Getting smart about kids and smart phones

October 22, 2017 - 09:00

After dinner, Nguyễn Minh Trang, 30, allows her five-year-old daughter, Daisy (her nickname), uses her tablets in 20 minutes to learn English.

Illustration by Trịnh Lập
Viet Nam News

By Minh Thu

After dinner, Nguyễn Minh Trang, 30, allows her five-year-old daughter, nicknamed Daisy, to use her tablet for 20 minutes to learn English.

Not too long ago, Trang had strictly forbidden her children from using electronic devices like smart phones or tablets because she did not want them to hurt their eyes, access inappropriate adult content and spend time playing games.

But, now, instead of segregating them, she and her husband guide their children on using electronic devices in a positive and effective way.

The change in strategy happened after Daisy met a little girl while waiting for the doctor. Trang saw Daisy’s eyes were glued to the tablet of her new friend. She seemed to be mesmerised by a colourful, musical game that she’d never seen before.

Trang understood that like other kids at her age, Daisy is always curious and eager to discover new things. She realised that it’s hard to prohibit her daughter from using the “smart” devices when everyone else around was doing so, because Daisy would be left out.

Trang decided that parents have to find suitable programmes for children and play with them as well as guide them to use the applications effectively.

“I believe that when parents spend time to choose applications to suit their children’s age and interests, smart phones and tablets can become ideal education tools,” she said.

Now, Daisy can listen to music on YouTube and learn English through Monkey Junior.

The English teaching software is designed by Đào Xuân Hoàng and his team, so it’s content is especially suitable for Vietnamese children aged from four months to 10 years.

“Monkey Junior is the only application on Daisy’s tablet (beside basic system applications), so she won’t have a chance to access applications with adult content,” said Trang.

The programme has more than 1,000 lessons per language. Currently, the British English, American English, Vietnamese, French, Spanish and Chinese versions of the programme have been completed.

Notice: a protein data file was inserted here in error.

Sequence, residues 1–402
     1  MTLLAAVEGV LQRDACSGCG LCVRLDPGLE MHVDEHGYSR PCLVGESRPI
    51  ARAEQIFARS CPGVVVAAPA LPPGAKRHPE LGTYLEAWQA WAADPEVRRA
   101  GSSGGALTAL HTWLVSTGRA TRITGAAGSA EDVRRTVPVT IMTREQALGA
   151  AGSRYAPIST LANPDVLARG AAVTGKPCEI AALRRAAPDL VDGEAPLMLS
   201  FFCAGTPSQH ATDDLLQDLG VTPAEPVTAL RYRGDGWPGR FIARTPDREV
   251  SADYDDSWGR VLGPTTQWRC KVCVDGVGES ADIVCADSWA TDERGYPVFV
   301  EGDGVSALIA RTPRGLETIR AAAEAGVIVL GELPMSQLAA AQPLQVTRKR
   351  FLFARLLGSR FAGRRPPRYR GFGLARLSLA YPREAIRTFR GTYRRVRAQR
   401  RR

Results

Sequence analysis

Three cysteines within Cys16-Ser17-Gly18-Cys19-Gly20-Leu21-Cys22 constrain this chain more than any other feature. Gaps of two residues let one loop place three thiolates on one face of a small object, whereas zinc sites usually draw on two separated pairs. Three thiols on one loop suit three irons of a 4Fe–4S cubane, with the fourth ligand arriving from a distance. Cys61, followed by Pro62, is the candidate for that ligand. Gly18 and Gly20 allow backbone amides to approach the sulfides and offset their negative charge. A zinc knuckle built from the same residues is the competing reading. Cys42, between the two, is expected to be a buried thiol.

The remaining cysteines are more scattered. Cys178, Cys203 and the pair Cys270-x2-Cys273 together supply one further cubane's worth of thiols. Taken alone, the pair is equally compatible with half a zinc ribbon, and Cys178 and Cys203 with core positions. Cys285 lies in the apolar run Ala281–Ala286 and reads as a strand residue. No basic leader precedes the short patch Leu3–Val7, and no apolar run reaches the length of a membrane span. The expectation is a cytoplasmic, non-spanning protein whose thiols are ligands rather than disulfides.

Each day, the child can go through one or more lessons of five-seven minutes each. The parents do not need to plan and prepare learning content.

Trang still feels that parents shouldn’t overuse the application’s advantages. Images and music of the application are attractive, but using the electronic devices for long periods of time will harm their health, she feels. On the other hand, if the children are allowed to use the programme for as long as they want, they would quickly lose their interest in it.

With just 20 minutes a day, Daisy is studying English and French on the application with interest and enthusiasm.

“The most important thing here is parents should learn and play with their children,” said Trang. “Never leave them alone with the smart phone or tablet and let them find out and manage the applications by themselves.”

Phạm Mai Anh, CEO of ADT Creative Company, “mother” of Tada Books and Tada Magic Colour application, agreed.

“Using technology is an indispensable trend of modern life,” she said. “We shouldn’t avoid it or prohibit our children from using it, but show them how to use it effectively.”

Tada Books aim provoke children’s natural curiosity and creativity while directing them towards the right use of technology.

The Tada product is based on children’ special interest in colouring, and significantly enhances children’s learning/playing skills with augmented reality (AR) technology.

The products made by children using this programme vary - DIY (do it yourself) 3D animals, a creative photo of themselves or families playing in their 3D world, or a video clip recorded as a fun play.

The pure purpose of technology is not to replace life but to improve it, Anh said, adding that digital games should not and cannot replace physical activities, especially for kids, if their caregivers provide due guidance. 

“We developed our product to encourage children to be active, both physically and intellectually,” she said.

“We strongly encourage family members to play together. These days, young parents do not spend much time with their children, and we hope our programme can help change that.”  VNS